Επαναπροσδιορισμός του αστικού χώρου μέσω της θεατρικής παράστασης
Μαρίνη, Χαρίκλεια 2012
Queen Mary University of London. School of English and Drama. Department of Drama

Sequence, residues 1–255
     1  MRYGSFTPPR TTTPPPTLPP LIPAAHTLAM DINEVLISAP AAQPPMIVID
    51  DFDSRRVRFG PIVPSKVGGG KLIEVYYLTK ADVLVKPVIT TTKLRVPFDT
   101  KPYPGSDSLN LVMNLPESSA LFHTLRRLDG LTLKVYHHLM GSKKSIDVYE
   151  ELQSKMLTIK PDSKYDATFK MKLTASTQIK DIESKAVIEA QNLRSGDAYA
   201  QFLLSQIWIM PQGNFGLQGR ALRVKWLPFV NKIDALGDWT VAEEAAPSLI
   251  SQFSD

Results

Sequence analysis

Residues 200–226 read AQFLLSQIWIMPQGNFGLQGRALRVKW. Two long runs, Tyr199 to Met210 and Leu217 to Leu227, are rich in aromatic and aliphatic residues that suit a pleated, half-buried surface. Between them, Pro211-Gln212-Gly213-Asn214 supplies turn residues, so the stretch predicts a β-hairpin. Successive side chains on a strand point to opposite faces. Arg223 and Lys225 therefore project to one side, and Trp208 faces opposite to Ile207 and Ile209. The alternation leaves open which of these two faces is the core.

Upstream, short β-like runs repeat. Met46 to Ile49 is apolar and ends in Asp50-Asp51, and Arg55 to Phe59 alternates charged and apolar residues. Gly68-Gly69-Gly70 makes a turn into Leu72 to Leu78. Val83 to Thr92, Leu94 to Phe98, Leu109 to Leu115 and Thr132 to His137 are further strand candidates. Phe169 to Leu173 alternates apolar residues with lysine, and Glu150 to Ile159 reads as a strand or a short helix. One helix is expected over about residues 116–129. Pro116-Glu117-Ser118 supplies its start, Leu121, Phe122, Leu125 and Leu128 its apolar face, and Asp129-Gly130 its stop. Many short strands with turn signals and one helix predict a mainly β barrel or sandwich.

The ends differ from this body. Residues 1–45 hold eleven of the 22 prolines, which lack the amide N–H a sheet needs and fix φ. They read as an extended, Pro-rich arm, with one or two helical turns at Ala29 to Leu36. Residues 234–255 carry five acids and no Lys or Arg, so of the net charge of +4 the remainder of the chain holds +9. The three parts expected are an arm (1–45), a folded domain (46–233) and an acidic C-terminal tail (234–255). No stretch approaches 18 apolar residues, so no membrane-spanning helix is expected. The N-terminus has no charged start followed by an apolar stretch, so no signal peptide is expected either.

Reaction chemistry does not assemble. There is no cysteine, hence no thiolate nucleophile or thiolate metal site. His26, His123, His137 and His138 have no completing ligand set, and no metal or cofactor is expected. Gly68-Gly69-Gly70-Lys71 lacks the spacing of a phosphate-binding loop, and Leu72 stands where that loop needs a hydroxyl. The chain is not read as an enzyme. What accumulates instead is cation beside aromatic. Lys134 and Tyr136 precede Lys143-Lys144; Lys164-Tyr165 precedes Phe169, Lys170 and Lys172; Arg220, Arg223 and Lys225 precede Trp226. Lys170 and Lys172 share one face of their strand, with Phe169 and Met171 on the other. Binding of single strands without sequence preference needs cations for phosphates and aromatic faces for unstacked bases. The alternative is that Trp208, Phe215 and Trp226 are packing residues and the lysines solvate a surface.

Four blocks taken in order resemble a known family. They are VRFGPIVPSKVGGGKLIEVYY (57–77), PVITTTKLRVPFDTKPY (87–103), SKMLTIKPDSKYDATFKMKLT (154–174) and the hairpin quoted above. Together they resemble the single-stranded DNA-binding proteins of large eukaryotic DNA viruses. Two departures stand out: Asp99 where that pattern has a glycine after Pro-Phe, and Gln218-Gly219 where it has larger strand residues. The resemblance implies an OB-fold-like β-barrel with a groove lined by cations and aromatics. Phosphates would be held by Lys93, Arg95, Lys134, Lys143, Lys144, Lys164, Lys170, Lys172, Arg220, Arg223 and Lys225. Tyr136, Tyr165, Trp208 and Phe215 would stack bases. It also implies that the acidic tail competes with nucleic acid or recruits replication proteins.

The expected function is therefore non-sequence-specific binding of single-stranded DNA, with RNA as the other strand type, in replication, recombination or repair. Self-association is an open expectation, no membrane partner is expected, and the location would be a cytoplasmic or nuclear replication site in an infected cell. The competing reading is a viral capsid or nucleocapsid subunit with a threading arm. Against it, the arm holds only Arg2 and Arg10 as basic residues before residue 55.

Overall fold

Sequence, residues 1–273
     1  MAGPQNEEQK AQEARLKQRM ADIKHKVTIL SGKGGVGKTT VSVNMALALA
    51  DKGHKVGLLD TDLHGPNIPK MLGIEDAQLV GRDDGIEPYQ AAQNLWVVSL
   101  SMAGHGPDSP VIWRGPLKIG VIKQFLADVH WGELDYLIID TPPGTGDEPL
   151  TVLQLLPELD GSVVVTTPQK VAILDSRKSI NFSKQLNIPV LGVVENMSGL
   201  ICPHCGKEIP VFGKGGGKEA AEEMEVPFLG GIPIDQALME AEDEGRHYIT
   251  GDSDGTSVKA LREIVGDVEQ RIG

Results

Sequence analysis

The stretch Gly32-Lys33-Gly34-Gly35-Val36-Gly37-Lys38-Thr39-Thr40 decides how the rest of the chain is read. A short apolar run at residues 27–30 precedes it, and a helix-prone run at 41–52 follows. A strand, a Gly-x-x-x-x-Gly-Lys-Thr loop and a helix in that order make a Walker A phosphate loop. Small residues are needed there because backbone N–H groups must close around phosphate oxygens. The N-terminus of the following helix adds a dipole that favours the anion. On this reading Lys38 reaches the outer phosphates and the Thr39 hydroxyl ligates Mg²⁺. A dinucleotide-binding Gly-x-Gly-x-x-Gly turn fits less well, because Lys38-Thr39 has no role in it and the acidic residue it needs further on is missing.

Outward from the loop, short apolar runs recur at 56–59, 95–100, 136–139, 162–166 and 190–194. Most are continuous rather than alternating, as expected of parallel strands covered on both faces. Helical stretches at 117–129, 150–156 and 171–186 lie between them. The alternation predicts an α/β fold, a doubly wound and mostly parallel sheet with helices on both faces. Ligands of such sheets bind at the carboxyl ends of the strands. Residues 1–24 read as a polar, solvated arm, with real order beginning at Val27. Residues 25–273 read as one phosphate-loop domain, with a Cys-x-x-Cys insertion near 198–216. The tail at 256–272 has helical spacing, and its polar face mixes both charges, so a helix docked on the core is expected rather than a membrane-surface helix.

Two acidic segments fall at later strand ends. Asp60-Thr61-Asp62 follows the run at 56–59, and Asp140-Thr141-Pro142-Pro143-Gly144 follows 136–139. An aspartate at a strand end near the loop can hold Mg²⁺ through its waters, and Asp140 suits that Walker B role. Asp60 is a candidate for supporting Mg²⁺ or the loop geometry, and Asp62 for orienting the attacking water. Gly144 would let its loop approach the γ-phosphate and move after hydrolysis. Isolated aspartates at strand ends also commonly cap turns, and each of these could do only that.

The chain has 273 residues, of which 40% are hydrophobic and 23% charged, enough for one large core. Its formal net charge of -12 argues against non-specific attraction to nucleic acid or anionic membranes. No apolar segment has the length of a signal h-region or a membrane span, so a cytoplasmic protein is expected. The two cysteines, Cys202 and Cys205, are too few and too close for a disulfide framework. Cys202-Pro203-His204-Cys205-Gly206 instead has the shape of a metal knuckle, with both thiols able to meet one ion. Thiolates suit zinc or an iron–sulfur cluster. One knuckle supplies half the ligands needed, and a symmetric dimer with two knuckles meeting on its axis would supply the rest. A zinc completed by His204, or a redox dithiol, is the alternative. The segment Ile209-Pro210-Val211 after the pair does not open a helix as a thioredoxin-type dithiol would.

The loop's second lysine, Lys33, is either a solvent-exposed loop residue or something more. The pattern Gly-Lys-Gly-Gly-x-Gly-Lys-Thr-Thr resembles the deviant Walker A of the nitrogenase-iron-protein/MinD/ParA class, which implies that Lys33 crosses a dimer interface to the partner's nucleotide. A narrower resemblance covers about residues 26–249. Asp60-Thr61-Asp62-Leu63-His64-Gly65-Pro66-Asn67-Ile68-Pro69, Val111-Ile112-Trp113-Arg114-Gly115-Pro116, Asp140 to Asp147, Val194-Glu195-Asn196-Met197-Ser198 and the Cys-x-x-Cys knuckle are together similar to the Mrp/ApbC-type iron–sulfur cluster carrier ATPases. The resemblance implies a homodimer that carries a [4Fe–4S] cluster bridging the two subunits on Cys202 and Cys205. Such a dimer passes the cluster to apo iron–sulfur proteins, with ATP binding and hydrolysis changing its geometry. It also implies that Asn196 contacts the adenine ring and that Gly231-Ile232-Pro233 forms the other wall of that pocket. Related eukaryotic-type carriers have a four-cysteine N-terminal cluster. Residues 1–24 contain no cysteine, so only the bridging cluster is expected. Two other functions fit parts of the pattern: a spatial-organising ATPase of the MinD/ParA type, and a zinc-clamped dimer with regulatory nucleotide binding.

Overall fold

This thesis contributes to discourses concerned with urban space and performancepractice. It identifies ways in which built environments become performative; how thebuilt environment performs meaning(s) within the urban context and how spatialpractices of contemporary performance engage with city-spaces. The programmingand order of urban space tends to fix meanings; increasingly regulated and singlepurposecity-spaces seem unable to react to informal or unplanned activities. However,this thesis suggests that urban space entails inherent opportunities for conceiving andpractising space otherwise and looks at a spatial spectrum – from leftover spaces toLondon’s landmarks. It analyses incomplete presences in the built environment andtheir unexpected (re)uses, which make urban space an arena of ideas, interaction andcreativity. It examines how spatial practices of performance, such as site-specificperformance, audio-walks and installations, inform our (re)thinking of space, itsmeaning and its re-appropriation. It argues that through performative concepts andactions, space manifests a changeable and dynamic quality, rather than motionlessness and inertia.The thesis involves an interdisciplinary approach employing geography, urban,architectural and performance studies. It looks at four types of built spaces that havebeen used for performance purposes; a disused warehouse at 21 Wapping Lane, theconverted power station housing the Tate Modern art gallery, the exterior of theNational Theatre’s building and the London district of Wapping. All of these sites areawaiting, or are undergoing, major alterations in their design or planning, involvingreconstruction and expansion, or total demolition. The uncertain future of these sitesand buildings, the inevitable decay of their material, and the temporality of the builtenvironment invite questions of architectural design and urban planning in terms ofperformance. The examination of these sites at this moment of change and thepotential impact of the redevelopment plans on city life make this research timely,since the thesis emphasises the imperative of re-defining concepts of space, planningstrategies, and design processes so as to imagine a less determinate, more creative urban space.